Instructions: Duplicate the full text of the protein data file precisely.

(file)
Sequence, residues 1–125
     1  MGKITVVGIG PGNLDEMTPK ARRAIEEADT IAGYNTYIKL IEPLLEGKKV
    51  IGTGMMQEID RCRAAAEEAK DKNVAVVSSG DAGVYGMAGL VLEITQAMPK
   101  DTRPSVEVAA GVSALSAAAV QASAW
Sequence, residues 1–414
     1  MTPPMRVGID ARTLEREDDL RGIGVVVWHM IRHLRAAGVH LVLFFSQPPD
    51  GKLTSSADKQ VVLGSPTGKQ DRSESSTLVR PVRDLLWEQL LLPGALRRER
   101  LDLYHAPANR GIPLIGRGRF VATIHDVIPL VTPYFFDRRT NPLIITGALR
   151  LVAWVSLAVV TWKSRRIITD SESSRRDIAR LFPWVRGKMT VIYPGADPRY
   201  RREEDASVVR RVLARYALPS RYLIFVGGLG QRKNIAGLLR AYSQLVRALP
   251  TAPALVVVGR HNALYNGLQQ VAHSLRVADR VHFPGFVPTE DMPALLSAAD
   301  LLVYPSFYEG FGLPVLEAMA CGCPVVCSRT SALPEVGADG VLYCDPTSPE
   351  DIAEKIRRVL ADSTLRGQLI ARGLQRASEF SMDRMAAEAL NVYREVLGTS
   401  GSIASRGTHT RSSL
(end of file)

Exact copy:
Sequence, residues 1–125
     1  MGKITVVGIG PGNLDEMTPK ARRAIEEADT IAGYNTYIKL IEPLLEGKKV
    51  IGTGMMQEID RCRAAAEEAK DKNVAVVSSG DAGVYGMAGL VLEITQAMPK
   101  DTRPSVEVAA GVSALSAAAV QASAW
Sequence, residues 1–414
     1  MTPPMRVGID ARTLEREDDL RGIGVVVWHM IRHLRAAGVH LVLFFSQPPD
    51  GKLTSSADKQ VVLGSPTGKQ DRSESSTLVR PVRDLLWEQL LLPGALRRER
   101  LDLYHAPANR GIPLIGRGRF VATIHDVIPL VTPYFFDRRT NPLIITGALR
   151  LVAWVSLAVV TWKSRRIITD SESSRRDIAR LFPWVRGKMT VIYPGADPRY
   201  RREEDASVVR RVLARYALPS RYLIFVGGLG QRKNIAGLLR AYSQLVRALP
   251  TAPALVVVGR HNALYNGLQQ VAHSLRVADR VHFPGFVPTE DMPALLSAAD
   301  LLVYPSFYEG FGLPVLEAMA CGCPVVCSRT SALPEVGADG VLYCDPTSPE
   351  DIAEKIRRVL ADSTLRGQLI ARGLQRASEF SMDRMAAEAL NVYREVLGTS
   401  GSIASRGTHT RSSL